inert to chemicals normally found in soil and have good heat conducting properties. PVC pipe should not be used under any circumstances.

Q: How are the pipe sections of the loop joined?

The only acceptable method to connect pipe sections is by thermal fusion. Pipe
connections are heated and fused together to form a joint stronger than the original pipe. Mechanical joining of pipe for an earth loop is never an accepted practice. The use of barbed fittings, clamps and glued joints is certain to result in loop failure due to leaks.

Q: Will an earth loop affect my lawn or landscape?
No. Research has proven that loops have no adverse effect on grass, trees or shrubs. Most horizontal loop installations use trenches about six inches wide. This, of course, will leave temporary bare areas that can be restored with grass seed or sod. Vertical loops require little space and result in minimal lawn damage.

Q: Can I reclaim heat from my septic system disposal field?
No. An earth loop will reach temperatures below freezing during extreme conditions and may freeze your septic system. Such usage is banned in many areas.

Q: If the loop falls below freezing, will it hurt the system?
No. The antifreeze solution in the loop will keep it from freezing down to about 10
degrees F. Three types of antifreeze solution are acceptable: propylene lycol, calcium chloride and methyl alcohol.

Q: Can I install an earth loop myself?

It's not recommended. In addition to thermal fusion of the pipe, good earth coil contact is very important for successful loop operation. Non-professional installations may result in less than optimum system performance.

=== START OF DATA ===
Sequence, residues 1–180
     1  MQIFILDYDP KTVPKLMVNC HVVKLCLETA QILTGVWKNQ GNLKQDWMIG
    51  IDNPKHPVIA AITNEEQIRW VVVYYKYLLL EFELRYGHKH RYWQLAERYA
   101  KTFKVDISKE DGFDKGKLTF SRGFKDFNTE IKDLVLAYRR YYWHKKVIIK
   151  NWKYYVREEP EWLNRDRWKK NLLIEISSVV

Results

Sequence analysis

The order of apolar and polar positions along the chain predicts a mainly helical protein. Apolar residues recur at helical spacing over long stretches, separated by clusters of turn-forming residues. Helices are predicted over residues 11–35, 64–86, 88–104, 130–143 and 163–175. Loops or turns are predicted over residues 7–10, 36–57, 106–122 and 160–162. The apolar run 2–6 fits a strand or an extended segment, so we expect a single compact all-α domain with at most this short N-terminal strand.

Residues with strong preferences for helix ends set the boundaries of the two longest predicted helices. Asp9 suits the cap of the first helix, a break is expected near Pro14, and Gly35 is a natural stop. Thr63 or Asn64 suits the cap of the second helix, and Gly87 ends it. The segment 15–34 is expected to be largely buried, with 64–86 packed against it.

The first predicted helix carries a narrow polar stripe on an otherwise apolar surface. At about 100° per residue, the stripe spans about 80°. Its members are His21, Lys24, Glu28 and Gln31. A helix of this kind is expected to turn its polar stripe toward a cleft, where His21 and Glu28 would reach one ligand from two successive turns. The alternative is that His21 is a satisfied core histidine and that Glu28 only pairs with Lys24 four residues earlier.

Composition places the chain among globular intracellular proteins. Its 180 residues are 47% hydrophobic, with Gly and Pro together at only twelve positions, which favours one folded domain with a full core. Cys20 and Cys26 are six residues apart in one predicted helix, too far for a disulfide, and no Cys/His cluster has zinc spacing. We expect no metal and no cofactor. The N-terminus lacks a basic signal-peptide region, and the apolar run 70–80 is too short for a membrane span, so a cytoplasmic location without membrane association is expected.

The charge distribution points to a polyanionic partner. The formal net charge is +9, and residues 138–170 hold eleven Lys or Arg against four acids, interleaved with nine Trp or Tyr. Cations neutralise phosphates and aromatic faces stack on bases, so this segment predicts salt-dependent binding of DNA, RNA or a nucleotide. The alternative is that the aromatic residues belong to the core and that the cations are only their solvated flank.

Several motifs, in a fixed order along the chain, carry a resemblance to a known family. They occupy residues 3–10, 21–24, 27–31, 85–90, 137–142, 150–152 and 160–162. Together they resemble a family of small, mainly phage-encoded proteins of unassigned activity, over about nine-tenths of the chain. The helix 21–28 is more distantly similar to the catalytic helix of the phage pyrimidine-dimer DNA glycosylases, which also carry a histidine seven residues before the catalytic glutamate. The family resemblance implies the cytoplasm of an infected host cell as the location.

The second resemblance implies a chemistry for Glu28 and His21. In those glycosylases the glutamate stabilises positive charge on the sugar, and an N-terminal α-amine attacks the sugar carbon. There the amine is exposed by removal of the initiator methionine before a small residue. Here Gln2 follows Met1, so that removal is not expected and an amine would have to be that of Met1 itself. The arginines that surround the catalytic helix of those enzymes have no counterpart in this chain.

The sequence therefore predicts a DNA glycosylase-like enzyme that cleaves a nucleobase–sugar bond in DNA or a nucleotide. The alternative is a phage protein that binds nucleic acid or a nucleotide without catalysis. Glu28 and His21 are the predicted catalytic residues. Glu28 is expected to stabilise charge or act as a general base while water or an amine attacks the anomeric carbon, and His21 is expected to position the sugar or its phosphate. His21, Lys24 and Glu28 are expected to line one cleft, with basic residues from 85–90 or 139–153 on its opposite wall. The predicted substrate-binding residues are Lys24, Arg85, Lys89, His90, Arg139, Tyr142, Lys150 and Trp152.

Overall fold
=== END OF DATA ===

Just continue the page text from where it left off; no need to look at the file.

Q: I have a pond near my home. Can I put a loop in it?

Yes, if it's deep enough and large enough. A minimum of six feet in depth at its lowest level during the year is needed for a pond to be considered. In pond loops, copper, polyethylene or polybutylene pipe can be used.

FAQ: What is a closed loop system?

Q. What is a closed loop system?
The term "closed-loop" is used to describe a geothermal heat pump system that uses a continuous loop of special buried plastic pipe as a heat exchanger. The pipe is connected to the indoor heat pump to form a sealed, underground loop through which an antifreeze solution is circulated. Unlike an open-loop system that consumes water from a well, a closed-loop system re-circulates its heat transferring solution within a pressurized piping system.

FAQ: Does the underground pipe system really work?

Q. Does the underground pipe system really work?
The buried pipe or "ground loop" is the most recent technical advancement in heat pump technology. The idea to bury pipe in the ground to gather heat energy began in the 1940's but its only been in the last few years that new heat pump designs and improved pipe materials have been combined to make geothermal heat pumps the most efficient heating and cooling systems available.